Subsection 6.11 “Maps” requires operators of telecommunications facilities to “maintain accurate maps and improvement plans which show the location, size, and a general description of all facilities installed in the public rights-of-way.”   This requirement is valid under § 337.401(3)(b) as a reasonable means by which the City can ensure that future construction in the rights-of-way does not interfere with or damage existing communications lines and facilities.

Title I, Section 7. Transitional Provisions:  Subsection 7.1 addresses the process by which persons operating telecommunications facilities without a franchise or license at the time of the ordinance's enactment should file for a franchise or license, and subsection 7.2 states that persons holding franchises or licenses at the time of the ordinance's enactment may continue to operate under the terms of the franchise or license until its expiration.   These subsections are preempted by § 337.401(3)(a), which prohibits municipalities from requiring telecommunications companies to enter franchises or licenses.   Subsection 7.3, which states that the passage of the ordinance does not affect persons with existing leases of property in the rights-of-way, is not preempted.

Title II, Section 1. Application for a Franchise:  This section sets out the process an applicant must undergo and the criteria an applicant must meet in order to obtain a franchise to operate a telecommunications facility in the rights-of-way in Palm Beach, and also sets out the formula for the calculation of the franchise fee.   While Palm Beach does have the right under § 337.401(3)(a) to request some of the information and credentials from a communications company that it requests under this section, it clearly may not do so in the context of a franchise application, and it may not charge a franchise fee.   This section is preempted in its entirety.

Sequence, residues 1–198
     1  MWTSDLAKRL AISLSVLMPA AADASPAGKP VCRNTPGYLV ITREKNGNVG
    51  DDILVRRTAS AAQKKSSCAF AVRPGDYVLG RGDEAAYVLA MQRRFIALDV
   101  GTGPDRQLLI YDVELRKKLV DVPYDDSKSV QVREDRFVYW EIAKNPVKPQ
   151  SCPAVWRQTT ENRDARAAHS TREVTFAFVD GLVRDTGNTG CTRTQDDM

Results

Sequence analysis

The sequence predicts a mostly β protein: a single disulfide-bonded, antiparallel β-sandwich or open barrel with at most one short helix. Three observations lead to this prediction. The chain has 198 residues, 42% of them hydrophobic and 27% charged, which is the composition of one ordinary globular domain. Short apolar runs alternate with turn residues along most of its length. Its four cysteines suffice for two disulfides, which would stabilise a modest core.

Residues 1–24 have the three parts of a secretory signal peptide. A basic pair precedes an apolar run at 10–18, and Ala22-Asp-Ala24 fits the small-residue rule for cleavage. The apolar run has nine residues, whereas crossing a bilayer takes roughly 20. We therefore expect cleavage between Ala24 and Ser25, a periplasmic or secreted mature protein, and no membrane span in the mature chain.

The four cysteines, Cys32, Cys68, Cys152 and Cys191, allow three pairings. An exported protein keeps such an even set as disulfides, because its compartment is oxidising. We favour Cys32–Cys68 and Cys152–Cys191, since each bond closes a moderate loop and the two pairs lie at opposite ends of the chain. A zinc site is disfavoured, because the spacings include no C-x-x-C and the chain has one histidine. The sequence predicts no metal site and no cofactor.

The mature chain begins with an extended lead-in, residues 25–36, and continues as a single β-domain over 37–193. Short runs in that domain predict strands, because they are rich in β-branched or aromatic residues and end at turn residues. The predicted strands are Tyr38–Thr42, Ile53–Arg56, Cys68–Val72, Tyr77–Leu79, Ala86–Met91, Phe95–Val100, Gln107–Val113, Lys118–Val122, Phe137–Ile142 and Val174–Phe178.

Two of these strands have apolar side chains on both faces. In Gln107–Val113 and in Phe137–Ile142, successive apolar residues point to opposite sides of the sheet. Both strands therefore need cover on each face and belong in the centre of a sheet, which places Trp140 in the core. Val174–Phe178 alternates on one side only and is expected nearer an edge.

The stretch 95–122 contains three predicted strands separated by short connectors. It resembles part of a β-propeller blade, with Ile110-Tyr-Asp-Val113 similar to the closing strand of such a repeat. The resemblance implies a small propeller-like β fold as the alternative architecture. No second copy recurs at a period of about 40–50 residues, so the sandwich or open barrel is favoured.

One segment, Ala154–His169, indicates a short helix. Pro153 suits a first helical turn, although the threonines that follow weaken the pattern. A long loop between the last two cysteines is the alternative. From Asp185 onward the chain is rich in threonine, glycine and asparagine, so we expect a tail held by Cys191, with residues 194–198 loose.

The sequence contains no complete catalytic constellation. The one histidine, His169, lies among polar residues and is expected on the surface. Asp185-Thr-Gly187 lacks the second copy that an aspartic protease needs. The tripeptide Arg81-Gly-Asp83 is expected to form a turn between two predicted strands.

B. Preemption by § 253 of the Telecommunications Act of 1996

Because sections of both ordinances remain that were not preempted by state law, it is necessary for us to consider BellSouth's claim that the ordinances are preempted by § 253 of the Act, titled “Removal of Barriers to Entry.” 8  Section 253 reads, in relevant part: